I am looking for example at a sous vide recipe for goat on the joule app. The tenderness seems to increase with the temperature, while with beef steak it's the other way around. Is that true and why is that? Which meats get more tender with higher temperature, and which get firmer?

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1 Answer 1


This is a product of the cut more than of the animal. You're comparing shank with steak, which are two very different cuts. In general, to get a tender cut with high temperature cooking you want a cut with lots of fat and connective tissue to render. Leaner cuts will become dry and tough.

The shank is a cut you could also get from a cow, so you could just as easily be working with beef (or veal) shank, in which case you would follow the same principle of higher temp = more tender. This is due to the large amount of connective tissue (and fat, to a lesser extent) in the shank, as well as the fact that its a harder working part of the animal. Cooking to a high temperature breaks down the connective tissue in the meat, leading to a moister, more tender finish.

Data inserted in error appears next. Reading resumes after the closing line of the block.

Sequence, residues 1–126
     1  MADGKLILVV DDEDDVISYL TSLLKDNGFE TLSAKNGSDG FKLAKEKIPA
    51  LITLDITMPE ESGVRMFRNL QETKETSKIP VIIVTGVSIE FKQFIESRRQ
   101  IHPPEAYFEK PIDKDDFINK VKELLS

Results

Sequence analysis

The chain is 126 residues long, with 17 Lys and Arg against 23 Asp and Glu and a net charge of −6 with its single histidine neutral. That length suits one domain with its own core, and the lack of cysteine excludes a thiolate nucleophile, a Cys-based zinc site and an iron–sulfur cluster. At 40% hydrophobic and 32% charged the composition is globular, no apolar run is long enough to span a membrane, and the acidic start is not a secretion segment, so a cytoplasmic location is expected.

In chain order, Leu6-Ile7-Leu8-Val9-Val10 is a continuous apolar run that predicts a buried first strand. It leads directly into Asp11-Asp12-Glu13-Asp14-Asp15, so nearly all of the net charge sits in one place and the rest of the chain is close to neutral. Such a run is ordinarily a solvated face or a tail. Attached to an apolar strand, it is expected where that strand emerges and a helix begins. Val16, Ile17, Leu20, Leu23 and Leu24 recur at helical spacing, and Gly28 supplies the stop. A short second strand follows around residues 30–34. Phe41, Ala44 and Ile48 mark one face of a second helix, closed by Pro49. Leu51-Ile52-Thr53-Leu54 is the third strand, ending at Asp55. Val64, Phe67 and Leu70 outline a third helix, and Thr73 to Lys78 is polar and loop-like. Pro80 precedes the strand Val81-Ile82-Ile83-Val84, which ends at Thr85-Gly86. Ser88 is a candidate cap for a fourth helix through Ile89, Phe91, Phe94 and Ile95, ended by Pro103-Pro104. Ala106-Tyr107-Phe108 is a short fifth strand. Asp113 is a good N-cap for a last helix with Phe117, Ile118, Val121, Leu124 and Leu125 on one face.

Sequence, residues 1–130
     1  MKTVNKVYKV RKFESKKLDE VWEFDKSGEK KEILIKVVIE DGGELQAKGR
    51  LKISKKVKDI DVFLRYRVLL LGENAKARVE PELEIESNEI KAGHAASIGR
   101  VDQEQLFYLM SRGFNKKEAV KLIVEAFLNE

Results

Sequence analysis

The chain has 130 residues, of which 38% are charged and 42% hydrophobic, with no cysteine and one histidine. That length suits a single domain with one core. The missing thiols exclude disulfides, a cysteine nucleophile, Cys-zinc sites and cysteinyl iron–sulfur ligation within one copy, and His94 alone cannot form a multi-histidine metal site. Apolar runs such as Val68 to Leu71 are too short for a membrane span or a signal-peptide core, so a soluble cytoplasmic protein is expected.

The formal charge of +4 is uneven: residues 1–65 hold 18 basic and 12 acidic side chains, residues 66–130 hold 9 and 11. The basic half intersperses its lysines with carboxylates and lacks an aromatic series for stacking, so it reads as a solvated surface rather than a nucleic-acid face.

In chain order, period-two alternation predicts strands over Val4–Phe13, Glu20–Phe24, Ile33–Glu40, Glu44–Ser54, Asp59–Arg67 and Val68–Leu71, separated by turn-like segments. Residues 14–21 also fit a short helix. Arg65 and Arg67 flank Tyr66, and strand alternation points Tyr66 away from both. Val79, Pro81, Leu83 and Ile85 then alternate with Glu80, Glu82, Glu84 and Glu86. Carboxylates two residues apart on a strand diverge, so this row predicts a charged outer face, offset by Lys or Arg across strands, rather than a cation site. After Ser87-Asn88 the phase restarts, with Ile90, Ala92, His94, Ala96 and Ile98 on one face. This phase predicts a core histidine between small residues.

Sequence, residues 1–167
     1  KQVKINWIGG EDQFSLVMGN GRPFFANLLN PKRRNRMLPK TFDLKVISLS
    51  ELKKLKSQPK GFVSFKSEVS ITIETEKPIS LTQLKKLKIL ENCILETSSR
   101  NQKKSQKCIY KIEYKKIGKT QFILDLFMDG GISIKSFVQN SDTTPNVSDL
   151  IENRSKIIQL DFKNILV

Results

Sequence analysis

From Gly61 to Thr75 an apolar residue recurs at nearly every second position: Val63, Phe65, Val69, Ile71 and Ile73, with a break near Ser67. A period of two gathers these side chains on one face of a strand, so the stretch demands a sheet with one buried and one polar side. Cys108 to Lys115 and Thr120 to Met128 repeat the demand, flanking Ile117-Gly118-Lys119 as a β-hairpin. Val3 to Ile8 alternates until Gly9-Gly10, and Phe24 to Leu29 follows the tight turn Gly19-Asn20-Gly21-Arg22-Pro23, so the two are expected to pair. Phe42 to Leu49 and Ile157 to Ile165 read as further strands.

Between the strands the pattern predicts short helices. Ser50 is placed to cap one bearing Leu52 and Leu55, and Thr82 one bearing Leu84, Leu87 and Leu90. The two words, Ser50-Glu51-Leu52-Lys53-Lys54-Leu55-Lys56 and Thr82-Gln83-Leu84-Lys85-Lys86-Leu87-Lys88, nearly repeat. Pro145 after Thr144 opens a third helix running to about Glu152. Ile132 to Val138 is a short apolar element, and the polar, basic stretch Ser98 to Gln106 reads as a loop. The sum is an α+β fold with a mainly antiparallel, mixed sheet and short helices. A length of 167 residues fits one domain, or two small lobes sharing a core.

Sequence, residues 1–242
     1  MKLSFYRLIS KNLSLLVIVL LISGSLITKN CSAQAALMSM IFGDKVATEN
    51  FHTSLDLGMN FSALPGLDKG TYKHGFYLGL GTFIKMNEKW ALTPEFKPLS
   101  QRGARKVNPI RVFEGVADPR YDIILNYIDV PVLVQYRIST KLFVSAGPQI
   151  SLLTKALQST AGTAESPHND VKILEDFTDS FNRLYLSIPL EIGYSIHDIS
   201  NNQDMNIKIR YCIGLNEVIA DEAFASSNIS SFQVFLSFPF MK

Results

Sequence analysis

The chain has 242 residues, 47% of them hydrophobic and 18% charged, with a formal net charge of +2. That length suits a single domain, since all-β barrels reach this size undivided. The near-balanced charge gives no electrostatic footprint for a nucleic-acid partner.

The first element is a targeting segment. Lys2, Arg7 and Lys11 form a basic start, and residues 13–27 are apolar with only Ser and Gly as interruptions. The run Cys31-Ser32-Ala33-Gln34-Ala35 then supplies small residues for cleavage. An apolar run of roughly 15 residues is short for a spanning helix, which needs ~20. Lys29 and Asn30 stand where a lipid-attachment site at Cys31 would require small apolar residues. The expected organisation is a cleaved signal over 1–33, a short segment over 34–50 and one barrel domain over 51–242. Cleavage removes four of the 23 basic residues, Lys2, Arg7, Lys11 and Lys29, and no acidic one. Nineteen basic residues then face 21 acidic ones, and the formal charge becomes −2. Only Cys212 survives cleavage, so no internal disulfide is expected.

A steak, however, has less connective tissue, so overcooking it just makes it dry and tough. You don't necessarily want it too rare though-- while for leaner steaks many people would say the rarer the better, for very heavily marbled and fatty cuts (like ribeyes) leaving them too rare fails to render the fat, which remains in tough, white streaks and interferes with the texture of the steak. It should be noted that you could theoretically get a goat steak and the same principles that apply to beef would apply to it as well.

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